You’ll see the same directional signage and projection on the floor you’re used to. I wish there was a little more storytelling with their communications in individual rooms. Maybe they feel the spaces speak for themselves, but I wanted to learn about the artists more. Sure they had stories set up, next to the “Design For Everyone” signs, but it felt repetitive rather than inspiring. The rooms all felt nice and curated, though, a bit more messy–or “lived in” than I would prefer. If I’m dreaming of remodeling my kitchen and looking to spend a pretty penny, it needs to be organized and collected.

It’s summer time, and even though this store just opened this month, it seems this IKEA has been worked over by families. Moms pushing strollers and chatting with friends. Mom and Dads looking for a new couch or bedroom set and the kids are still entertained too. While I was browsing I was dodging kids jumping on beds, hiding in the window curtains, and playing house at dining tables. At times I was overwhelmed and would avoid areas so I could get in front of families so I could get to rooms before they did. I also noticed groups of women coming in pairs or threes to enjoy a day of shopping, grabbing a bite, and continued on the expedition. I wanted to join them so badly.


As I moved from room to room, I found myself noticing the same furniture pieces or accents over and over. Except in different ways. If I didn’t like it in one room, and I saw it again in another 20 minutes later, it changed my perspective. IKEA does a great job at showcasing how all their products could work for a wide array of customers with different styles. Though that yellow chair was not my favorite in the office, it looked amazing in the living room–and now I can’t stop thinking about it.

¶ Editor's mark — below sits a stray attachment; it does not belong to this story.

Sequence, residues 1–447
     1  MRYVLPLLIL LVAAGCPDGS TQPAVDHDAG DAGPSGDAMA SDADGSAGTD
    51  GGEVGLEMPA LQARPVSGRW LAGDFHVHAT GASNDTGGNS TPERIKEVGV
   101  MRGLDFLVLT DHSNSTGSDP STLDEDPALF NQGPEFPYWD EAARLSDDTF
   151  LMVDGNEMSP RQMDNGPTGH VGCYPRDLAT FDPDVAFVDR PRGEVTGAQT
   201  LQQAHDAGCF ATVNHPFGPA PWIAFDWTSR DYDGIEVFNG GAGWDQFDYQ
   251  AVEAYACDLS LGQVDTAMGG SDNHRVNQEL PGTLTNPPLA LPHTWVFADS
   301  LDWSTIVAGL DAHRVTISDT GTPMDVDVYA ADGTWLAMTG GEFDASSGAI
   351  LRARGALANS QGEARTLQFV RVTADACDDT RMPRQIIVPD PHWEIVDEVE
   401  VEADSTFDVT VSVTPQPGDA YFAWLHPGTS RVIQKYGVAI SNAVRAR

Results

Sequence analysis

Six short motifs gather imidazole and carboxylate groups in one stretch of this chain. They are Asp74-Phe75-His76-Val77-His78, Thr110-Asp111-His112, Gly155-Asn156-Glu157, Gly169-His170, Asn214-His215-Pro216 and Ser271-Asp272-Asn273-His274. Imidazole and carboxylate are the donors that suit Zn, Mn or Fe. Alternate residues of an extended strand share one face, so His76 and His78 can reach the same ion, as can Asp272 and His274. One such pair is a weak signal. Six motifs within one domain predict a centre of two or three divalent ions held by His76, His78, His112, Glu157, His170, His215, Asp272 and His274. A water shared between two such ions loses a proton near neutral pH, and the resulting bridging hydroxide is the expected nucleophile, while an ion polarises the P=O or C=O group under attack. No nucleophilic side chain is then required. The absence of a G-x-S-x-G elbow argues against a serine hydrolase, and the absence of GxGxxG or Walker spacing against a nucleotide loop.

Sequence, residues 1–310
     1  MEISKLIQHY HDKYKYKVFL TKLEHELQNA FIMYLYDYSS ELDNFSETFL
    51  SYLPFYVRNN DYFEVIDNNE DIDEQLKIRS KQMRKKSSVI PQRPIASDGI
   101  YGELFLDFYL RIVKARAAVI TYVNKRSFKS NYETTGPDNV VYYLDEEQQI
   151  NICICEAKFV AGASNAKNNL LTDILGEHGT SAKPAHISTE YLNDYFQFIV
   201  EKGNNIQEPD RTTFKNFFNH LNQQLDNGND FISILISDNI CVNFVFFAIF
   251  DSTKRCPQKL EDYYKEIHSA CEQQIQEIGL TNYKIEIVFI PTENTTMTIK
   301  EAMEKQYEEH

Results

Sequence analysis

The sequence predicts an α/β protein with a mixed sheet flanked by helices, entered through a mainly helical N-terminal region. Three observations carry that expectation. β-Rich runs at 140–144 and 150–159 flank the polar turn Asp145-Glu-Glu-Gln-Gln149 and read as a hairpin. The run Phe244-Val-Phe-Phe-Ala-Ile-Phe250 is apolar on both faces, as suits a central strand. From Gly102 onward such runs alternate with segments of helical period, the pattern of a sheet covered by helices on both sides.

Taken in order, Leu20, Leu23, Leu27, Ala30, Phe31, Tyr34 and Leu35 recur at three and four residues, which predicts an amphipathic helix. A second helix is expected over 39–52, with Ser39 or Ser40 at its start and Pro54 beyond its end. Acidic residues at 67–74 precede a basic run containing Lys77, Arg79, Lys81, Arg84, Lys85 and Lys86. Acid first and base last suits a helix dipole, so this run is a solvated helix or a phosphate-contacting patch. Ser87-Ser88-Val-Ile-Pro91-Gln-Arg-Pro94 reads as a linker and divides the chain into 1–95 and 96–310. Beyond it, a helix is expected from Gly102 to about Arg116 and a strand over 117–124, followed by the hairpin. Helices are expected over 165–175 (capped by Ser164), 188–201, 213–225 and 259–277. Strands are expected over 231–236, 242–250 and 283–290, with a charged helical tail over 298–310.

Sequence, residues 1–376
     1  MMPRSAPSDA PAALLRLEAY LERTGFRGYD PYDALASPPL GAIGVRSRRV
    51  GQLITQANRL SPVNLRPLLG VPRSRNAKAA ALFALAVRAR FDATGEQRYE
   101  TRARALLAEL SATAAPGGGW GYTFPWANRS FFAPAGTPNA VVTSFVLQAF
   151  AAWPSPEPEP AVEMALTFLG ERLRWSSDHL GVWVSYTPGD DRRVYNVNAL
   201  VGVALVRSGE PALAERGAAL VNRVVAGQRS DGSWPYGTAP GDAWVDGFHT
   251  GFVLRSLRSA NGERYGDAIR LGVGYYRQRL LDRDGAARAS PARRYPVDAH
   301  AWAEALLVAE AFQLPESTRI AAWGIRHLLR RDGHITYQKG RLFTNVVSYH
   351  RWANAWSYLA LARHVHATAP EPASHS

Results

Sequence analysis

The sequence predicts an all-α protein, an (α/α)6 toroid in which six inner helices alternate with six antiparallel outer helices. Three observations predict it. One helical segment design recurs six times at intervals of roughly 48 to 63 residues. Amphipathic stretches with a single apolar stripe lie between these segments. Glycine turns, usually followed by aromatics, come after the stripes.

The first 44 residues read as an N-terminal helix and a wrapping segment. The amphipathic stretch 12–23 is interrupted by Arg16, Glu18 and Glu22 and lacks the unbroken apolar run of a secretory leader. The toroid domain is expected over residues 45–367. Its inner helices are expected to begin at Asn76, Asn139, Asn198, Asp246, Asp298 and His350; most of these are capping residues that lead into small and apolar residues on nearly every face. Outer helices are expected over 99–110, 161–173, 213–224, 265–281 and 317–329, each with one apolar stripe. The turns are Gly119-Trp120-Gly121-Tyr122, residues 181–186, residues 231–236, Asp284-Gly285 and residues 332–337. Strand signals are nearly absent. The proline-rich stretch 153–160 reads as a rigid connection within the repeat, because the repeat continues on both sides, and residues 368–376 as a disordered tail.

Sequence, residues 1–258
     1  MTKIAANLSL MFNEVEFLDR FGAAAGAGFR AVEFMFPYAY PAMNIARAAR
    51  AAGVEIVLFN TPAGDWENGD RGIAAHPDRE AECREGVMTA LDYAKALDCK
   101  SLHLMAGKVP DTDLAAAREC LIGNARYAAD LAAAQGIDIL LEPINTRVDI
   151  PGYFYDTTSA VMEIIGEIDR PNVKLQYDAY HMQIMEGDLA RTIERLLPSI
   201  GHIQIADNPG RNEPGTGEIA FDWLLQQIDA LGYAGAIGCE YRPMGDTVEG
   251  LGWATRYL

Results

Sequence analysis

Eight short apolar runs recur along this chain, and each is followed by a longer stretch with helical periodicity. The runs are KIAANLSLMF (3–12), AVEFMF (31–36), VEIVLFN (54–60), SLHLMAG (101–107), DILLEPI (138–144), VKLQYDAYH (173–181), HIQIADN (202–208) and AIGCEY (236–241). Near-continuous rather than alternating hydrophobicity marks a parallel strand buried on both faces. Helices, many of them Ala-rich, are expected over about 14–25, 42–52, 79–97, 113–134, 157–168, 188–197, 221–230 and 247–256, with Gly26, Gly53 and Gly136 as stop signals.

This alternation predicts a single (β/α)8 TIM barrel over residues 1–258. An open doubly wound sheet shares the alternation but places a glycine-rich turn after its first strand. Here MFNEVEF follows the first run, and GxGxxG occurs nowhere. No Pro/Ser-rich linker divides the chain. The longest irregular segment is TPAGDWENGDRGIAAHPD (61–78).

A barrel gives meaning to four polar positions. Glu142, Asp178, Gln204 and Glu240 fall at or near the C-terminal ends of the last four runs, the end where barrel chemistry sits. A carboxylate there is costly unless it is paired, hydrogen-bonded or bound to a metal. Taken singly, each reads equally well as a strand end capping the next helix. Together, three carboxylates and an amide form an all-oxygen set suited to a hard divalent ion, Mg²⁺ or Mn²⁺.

digital signage
digital kiosk
digital kiosk

Digital was lacking throughout the store. A couple screens promoting the cafe menu items and details on featured products. Maybe that’s okay. I’m all for low-tech experiences. I did enjoy the analog play spots for children, but I didn’t see anyone playing with it. Too busy bed jumping, I suppose. The “Tell Us What You Think” buttons were fun, unexpected, and probably my favorite communication throughout the space. Though, I wonder what happens when kids just start pushing buttons?


I was so happy when we reached the Market Place. It was basically empty, calm, and organized. It was just about to hit lunchtime and people seemed to be making their way to the cafe. This is where I really did my shopping and it was on accident. This became a Target moment for me. I needed some soap dispensers, so I’ll grab them while I’m here. Then, because I couldn’t beat the price, a new cutting board and “Whoa, these wine glasses are cute!” Best part is I don’t have to assemble a thing… this time.